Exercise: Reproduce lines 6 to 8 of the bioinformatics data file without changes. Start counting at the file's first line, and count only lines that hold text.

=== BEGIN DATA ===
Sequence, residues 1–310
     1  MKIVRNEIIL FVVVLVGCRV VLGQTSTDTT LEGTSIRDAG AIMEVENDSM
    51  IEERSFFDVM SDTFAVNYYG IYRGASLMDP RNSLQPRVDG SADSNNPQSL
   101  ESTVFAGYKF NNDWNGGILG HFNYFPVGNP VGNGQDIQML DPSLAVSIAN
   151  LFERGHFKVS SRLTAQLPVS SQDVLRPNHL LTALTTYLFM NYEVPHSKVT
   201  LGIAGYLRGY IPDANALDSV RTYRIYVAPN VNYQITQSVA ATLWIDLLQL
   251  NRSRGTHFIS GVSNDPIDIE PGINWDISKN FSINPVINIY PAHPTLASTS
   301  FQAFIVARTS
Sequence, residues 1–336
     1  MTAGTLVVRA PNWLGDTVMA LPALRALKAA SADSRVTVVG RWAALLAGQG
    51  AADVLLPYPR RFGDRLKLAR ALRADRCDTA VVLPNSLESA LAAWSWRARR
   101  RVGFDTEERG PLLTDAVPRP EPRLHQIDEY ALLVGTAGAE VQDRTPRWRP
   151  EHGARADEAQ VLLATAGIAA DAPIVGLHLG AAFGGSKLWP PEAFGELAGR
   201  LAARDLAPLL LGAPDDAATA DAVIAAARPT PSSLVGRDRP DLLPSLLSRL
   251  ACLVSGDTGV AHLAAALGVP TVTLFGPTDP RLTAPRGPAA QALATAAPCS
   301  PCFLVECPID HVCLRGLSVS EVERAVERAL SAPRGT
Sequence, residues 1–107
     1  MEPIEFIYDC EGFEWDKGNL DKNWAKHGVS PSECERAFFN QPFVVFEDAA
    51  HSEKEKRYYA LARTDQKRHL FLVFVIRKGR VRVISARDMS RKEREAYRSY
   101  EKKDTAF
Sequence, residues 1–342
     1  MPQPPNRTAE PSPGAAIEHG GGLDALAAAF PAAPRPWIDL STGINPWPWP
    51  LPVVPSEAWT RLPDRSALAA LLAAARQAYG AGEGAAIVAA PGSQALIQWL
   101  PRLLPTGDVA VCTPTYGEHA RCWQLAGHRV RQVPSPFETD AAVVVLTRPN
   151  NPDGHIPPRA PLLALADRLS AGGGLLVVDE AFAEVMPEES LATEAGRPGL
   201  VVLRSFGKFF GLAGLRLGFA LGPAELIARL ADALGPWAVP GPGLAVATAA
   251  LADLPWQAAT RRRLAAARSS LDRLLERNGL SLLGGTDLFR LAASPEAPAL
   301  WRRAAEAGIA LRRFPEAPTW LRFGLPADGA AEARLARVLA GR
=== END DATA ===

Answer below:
   201  LGIAGYLRGY IPDANALDSV RTYRIYVAPN VNYQITQSVA ATLWIDLLQL
   251  NRSRGTHFIS GVSNDPIDIE PGINWDISKN FSINPVINIY PAHPTLASTS
   301  FQAFIVARTS